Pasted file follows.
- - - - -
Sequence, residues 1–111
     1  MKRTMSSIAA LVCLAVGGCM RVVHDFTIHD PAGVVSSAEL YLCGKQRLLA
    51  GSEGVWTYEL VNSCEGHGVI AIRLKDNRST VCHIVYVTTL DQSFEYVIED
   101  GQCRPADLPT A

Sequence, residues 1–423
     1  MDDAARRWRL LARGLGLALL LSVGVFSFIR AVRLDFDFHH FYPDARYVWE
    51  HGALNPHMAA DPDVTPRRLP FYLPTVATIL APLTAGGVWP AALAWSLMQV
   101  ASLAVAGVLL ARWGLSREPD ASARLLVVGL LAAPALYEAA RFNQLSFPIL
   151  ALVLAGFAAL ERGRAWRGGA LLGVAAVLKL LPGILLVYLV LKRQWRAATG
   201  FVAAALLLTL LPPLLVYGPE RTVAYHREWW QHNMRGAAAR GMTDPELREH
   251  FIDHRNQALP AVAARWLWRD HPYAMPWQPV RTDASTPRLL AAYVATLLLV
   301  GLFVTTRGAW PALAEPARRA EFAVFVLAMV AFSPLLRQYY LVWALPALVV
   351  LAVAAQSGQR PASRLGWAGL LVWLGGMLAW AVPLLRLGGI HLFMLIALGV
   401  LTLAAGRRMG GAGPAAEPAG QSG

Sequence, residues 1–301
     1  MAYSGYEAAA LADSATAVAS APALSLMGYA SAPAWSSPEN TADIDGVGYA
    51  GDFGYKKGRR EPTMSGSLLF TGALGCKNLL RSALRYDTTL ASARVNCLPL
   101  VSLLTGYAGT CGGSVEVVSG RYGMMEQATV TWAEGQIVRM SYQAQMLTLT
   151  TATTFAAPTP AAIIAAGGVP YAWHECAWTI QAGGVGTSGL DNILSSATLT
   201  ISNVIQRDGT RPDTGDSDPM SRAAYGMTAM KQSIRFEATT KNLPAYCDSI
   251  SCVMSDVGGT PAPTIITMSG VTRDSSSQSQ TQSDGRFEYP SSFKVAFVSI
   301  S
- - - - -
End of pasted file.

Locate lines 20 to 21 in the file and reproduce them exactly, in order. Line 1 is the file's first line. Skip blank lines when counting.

   201  ISNVIQRDGT RPDTGDSDPM SRAAYGMTAM KQSIRFEATT KNLPAYCDSI
   251  SCVMSDVGGT PAPTIITMSG VTRDSSSQSQ TQSDGRFEYP SSFKVAFVSI